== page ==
Say what you will, but no one could play a victimized, melodramatic heroine like Joan Crawford. Her talents in this area are certainly on conspicuous display in the 1952 film Sudden Fear, in which she plays a popular and successful playwright Myra, who falls for a moderately talented actor Lester (Jack Palance), only to discover that he, along with his former lover Irene (Gloria Grahame) have hatched a plot to kill her. Fortunately, she’s quite a bit brighter than they are, and so she manages to escape from them. In the end, Lester runs over Irene in the mistaken belief that she is Myra (they are wearing a similar scarf), killing both himself and her.
One of the most compelling things about this film is the way in which it plays with voice. It is due to the inadvertent recording of his plot by a dictaphone that Lester and Irene utilize to hatch their scheme. The disembodied voice continues haunts Myra, an ethereal reminder of the fact that the man she has (admittedly foolishly) fallen in love with has decided that she is to be dispensed with in favor of his own desire for wealth.
There is something intensely, almost viscerally satisfying, about the fact that Lester, in his desire to kill his well-meaning and benevolent wife, ends up killing both himself and his conspirator. Myra may be somewhat of a foolish and impulsive heroine, falling in love with a man that she barely knows and rendering herself vulnerable by attempting to leave her money and wealth to him. However, it is precisely her generousness of spirit that makes Lester’s betrayal of her all the more despicable. What’s more, he is absolutely ruthless in his attempts to kill her, chasing her relentlessly through the streets of San Francisco, his face and eyes becoming increasingly crazed as she continues to elude him. Not surprisingly, we in the audience continue to cheer her on, and we feel vindicated at the poetic justice of his own destruction.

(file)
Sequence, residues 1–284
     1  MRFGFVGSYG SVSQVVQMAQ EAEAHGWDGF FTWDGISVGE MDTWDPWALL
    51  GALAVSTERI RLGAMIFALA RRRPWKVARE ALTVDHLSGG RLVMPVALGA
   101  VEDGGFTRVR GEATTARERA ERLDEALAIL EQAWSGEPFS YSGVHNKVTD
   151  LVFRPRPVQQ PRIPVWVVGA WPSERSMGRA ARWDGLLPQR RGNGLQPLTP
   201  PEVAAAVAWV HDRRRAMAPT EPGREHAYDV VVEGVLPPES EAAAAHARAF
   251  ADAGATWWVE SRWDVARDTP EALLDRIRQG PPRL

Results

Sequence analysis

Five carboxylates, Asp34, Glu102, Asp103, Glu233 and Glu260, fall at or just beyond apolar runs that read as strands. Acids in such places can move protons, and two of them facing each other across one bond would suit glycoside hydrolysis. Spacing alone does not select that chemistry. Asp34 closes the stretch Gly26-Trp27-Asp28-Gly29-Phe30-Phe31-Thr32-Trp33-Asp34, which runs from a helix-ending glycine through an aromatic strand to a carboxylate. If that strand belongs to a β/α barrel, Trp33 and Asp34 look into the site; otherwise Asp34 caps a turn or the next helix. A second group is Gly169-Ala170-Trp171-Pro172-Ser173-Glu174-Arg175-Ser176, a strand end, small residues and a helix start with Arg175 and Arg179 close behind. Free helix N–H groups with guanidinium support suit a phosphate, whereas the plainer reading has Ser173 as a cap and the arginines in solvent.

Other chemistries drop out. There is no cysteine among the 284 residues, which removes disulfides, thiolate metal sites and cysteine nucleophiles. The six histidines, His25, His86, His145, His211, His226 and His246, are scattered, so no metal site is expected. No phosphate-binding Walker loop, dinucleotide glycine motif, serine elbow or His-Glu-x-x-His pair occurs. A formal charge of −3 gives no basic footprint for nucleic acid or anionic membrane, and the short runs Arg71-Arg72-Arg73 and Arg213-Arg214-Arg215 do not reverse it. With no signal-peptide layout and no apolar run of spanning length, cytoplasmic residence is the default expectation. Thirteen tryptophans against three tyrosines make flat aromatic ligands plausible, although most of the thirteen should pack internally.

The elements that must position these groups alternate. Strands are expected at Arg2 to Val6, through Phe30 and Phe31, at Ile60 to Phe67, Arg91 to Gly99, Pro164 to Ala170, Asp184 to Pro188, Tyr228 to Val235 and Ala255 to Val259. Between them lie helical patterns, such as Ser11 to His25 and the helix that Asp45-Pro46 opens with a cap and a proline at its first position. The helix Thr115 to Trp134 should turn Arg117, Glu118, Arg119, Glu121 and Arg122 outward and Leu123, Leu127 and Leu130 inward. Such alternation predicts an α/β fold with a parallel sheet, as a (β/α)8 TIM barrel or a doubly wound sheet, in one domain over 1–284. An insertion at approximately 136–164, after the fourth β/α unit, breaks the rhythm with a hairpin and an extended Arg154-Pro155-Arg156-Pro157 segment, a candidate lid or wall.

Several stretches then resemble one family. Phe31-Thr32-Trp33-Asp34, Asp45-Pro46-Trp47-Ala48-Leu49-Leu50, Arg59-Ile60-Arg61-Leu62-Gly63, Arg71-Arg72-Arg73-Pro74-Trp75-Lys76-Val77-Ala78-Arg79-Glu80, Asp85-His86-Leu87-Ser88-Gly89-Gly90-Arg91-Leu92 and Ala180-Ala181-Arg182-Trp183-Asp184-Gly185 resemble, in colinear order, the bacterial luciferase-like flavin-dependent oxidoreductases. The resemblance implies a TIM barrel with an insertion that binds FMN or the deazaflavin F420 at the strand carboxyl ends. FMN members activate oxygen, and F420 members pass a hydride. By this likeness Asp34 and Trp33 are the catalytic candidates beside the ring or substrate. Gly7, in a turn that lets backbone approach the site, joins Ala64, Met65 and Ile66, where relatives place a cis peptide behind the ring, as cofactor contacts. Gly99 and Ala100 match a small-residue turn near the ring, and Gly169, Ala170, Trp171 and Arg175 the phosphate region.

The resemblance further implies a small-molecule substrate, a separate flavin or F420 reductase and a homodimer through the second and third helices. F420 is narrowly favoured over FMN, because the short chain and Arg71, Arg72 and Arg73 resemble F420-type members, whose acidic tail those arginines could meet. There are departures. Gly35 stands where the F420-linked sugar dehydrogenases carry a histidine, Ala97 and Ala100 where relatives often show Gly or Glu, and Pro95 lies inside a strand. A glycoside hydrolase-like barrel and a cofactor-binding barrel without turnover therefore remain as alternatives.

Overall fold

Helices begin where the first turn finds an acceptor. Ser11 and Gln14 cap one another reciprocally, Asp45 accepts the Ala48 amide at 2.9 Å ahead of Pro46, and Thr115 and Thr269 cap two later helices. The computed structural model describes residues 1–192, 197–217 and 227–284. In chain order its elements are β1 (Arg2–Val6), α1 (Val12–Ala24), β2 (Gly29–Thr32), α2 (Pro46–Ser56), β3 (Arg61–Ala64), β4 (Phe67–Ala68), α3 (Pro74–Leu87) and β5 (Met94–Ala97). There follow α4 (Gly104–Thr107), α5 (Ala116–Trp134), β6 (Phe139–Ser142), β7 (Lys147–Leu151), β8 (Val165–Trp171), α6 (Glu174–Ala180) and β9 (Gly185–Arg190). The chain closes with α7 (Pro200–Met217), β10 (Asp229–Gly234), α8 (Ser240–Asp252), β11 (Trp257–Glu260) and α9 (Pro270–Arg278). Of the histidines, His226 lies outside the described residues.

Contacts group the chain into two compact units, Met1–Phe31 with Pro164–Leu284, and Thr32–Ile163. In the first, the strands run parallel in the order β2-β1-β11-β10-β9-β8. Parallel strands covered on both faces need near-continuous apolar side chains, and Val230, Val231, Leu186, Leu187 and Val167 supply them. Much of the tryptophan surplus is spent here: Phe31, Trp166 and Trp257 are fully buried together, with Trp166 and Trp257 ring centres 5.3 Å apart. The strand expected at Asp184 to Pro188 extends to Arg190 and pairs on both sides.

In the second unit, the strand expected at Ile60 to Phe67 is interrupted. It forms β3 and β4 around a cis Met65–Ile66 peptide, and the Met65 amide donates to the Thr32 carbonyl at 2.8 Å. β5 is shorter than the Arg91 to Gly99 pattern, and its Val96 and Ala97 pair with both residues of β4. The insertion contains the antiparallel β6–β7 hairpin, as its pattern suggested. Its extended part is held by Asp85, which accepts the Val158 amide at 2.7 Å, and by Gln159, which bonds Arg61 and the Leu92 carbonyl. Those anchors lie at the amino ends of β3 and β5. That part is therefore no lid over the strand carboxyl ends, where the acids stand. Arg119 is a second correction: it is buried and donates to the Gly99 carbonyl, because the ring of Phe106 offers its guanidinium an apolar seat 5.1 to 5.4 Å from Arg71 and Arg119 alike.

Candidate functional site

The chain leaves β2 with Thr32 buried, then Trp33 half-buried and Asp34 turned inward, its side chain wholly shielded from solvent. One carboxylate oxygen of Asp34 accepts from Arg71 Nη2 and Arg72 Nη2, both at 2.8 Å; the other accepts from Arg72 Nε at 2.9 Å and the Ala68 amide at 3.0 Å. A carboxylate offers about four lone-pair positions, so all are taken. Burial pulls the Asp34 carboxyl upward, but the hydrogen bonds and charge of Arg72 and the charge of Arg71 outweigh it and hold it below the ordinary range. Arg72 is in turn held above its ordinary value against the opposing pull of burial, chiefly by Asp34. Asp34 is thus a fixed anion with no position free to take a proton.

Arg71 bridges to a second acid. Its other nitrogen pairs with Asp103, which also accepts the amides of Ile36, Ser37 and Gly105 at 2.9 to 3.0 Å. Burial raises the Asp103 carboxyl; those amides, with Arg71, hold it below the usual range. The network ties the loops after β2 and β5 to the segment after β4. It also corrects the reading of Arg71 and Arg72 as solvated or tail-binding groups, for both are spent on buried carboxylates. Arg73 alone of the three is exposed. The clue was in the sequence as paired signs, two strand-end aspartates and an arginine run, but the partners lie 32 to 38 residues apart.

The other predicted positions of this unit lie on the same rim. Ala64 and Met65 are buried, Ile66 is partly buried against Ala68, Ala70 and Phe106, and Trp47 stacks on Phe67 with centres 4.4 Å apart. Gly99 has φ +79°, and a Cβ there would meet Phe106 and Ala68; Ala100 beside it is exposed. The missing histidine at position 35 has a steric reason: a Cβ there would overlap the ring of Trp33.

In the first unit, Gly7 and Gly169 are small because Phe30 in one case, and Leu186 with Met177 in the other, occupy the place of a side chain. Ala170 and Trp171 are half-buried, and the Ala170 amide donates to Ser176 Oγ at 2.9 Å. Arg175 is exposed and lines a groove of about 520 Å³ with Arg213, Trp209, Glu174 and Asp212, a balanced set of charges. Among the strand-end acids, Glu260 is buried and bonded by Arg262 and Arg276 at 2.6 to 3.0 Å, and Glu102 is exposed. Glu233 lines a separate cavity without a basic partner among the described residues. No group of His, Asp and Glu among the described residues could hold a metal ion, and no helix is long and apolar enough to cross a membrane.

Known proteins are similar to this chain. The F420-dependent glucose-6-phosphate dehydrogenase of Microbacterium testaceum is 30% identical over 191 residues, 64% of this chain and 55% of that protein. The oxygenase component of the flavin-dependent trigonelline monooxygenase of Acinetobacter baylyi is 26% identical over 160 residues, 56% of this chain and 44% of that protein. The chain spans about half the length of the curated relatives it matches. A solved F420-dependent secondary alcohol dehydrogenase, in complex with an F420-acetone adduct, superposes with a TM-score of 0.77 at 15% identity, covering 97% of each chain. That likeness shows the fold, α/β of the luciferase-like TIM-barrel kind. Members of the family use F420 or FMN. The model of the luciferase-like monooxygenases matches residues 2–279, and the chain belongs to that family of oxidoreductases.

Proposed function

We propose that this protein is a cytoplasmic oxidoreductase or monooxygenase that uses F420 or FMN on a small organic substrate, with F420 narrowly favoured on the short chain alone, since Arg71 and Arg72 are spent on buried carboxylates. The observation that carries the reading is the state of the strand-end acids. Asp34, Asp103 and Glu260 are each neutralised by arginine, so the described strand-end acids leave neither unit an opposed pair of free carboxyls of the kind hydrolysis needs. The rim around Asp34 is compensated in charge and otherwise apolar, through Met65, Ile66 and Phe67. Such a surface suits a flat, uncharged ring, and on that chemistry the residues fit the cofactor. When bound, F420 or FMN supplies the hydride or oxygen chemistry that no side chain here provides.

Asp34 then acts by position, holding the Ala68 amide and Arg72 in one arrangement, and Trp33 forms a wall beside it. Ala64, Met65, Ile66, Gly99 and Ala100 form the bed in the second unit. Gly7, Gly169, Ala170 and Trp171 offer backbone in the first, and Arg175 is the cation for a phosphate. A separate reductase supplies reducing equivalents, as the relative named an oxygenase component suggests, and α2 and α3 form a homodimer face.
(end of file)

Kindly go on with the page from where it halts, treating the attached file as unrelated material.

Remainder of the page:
Crawford and Palance make for a compelling and somewhat unusual screen couple. Palance was not the most handsome of movie stars, and his near-skeletal features always rendered him more appropriate for villainous roles. He manages here to tap into a powerful male rage, one engendered in both the film’s diegesis and the broader culture by the ever-present male fear of not being able to provide or earn a living on his own. You can practically see it seething beneath the surface, those deep-set eyes betraying the fury ever-ready to burst into the world. Crawford offers a nice balance to him, a woman who has built her own successful career as a writer and who possesses a fundamental strength of character that allows her to survive the attempts to kill her. However, she also exudes a certain measure of vulnerability, a willingness to believe, however foolishly, that she can also have love and completion with the man (seemingly) of her dreams.
In many ways, this film feels a bit out of its time, combining as it does the heightened emotions and victimized womanhood of the women’s films of the 1930s and the darkness of the film noirs of the 1940s. Somehow, though, it manages to bring all of these elements together into a compelling film, and that final image of Myra/Crawford striding into the camera, head flung back in triumph, really brings it all together. It is a stunning and uplifting reminder of the power of the Crawford star persona. Even decades after her death, this persona manages to combine female strength and vulnerability in one indelible image that retains its power.